A greater number of foreclosures are hitting the high-end real estate markets in 2009 as price discounting continues to throw more and more properties underwater. It's like a self-fulfilling prophecy: As some homeowners see their homes' values drop below the balances due on their mortgages, they give up trying to save their homes.
Zillow's chief economist, Stan Humphries, found that while high-end markets accounted for only 16 percent of foreclosures in 2006, by July 2009, 30 percent of foreclosures hit the top third of homes. "That means that top-tier homes make up almost twice the proportion of foreclosures as they did just three years ago," Humphries wrote on his blog.
Foreclosures are no longer a primarily subprime problem. While in 2006 about 55 percent of foreclosures came on subprime loans, in 2009 subprimes represent just 35 percent of foreclosures, another 35 percent are in the middle tier and 30 percent are in the top tier. The primary contributing factor is higher delinquency rates in Prime, Alt-A and Option ARM mortgage products.
According to the Amherst Security Group, this problem won't go away any time soon, because:
• Loans are transitioning into delinquency/foreclosure at a rapid pace, but moving out at a slow pace;
• Cure rates are low. In other words, fewer people are paying their past-due amounts and getting back on track.
• Loans are taking longer to liquidate. In other words, the length of time between the start of the foreclosure process and the point when the lender gets control of the property is growing.
The Amherst Mortgage Insight report notes that there are currently 7 million homes in a shadow market -- homes that are either in delinquency or in foreclosure, but not yet on the market. This number translates into 135 percent of a year of existing home sales, which means that whatever numbers you're seeing now about homes sales, they don't truly reflect the storm that's yet to come.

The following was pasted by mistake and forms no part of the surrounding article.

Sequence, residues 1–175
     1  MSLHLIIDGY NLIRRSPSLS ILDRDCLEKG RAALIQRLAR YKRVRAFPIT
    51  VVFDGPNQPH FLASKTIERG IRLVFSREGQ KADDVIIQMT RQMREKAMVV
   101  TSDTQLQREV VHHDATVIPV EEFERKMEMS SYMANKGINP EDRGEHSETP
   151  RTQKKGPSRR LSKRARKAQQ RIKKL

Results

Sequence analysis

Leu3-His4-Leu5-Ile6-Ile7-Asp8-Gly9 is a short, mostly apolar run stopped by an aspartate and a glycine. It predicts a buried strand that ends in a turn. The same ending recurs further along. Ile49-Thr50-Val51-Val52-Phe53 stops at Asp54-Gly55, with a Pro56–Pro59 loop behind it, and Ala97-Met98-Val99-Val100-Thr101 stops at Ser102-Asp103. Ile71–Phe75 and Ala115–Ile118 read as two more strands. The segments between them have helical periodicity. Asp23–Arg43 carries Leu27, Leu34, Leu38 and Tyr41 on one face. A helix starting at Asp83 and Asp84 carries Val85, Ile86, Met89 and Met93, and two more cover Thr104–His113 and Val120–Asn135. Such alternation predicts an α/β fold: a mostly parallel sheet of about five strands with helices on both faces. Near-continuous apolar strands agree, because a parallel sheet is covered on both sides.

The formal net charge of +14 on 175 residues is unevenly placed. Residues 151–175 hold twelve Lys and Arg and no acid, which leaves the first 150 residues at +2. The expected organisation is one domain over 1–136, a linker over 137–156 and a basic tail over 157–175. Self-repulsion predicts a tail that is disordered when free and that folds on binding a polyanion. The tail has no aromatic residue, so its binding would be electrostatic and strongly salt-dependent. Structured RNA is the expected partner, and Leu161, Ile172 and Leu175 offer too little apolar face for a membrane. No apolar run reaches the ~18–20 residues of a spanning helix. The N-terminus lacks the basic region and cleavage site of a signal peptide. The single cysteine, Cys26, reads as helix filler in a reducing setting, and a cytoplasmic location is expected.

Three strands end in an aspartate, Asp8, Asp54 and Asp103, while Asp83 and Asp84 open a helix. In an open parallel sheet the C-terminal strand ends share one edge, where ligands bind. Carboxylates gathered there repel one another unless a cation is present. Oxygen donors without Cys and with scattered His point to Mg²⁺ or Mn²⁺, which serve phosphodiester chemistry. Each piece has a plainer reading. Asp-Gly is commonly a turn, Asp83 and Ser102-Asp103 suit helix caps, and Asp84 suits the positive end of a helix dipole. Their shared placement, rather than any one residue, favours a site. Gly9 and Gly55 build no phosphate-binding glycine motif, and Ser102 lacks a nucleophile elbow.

In a related story, home buyers are still negotiating discounts on listed properties, and properties continue to list at lower and lower prices. Zillow found that buyers paid an average of 3 percent less than the listing price nationwide. In some markets, particularly coastal regions in Florida, buyers paid eight to nine percent less than listed prices. In addition to foreclosures, Florida's coastal properties have been hit hard because people can't get reasonably priced insurance for those properties. Many insurance companies have gotten out of the business of insuring on Florida's coasts thanks to the recent hurricanes. My home in Central Florida is currently insured by State Farm and it's not on the coast, but the company has already sent notices to customers that it plans to exit the Florida market completely.
Zillow has developed a chart breaking down price discounting by city metropolitan areas. Eight of the cities facing the highest discounting are in Florida. The city experiencing the highest percentage discounts is Vero Beach, Fla., at 8.9 percent or $20,974, followed by Naples, Fla., at 8 percent or $27,155. Outside of Florida, the two top cities are Atlantic City, N.J., at No. 6 with discounts of 7.2 percent or $21,532 below asking price. Morristown, Tenn., is at No. 8 with discounts of 6.9 percent or $12,118.
Stemming foreclosures is the key to getting back to a stabilized housing market, but these numbers don't look great. Yet the banks are not moving quickly to modify loans and keep people in their homes. The U.S. still has miles to go before we'll even be close to solving this crisis.
Lita Epstein has written more than 25 books, including The 250 Questions Everyone Should Ask About Buying a Foreclosure and The 250 Questions You Should Ask to Avoid Foreclosure.
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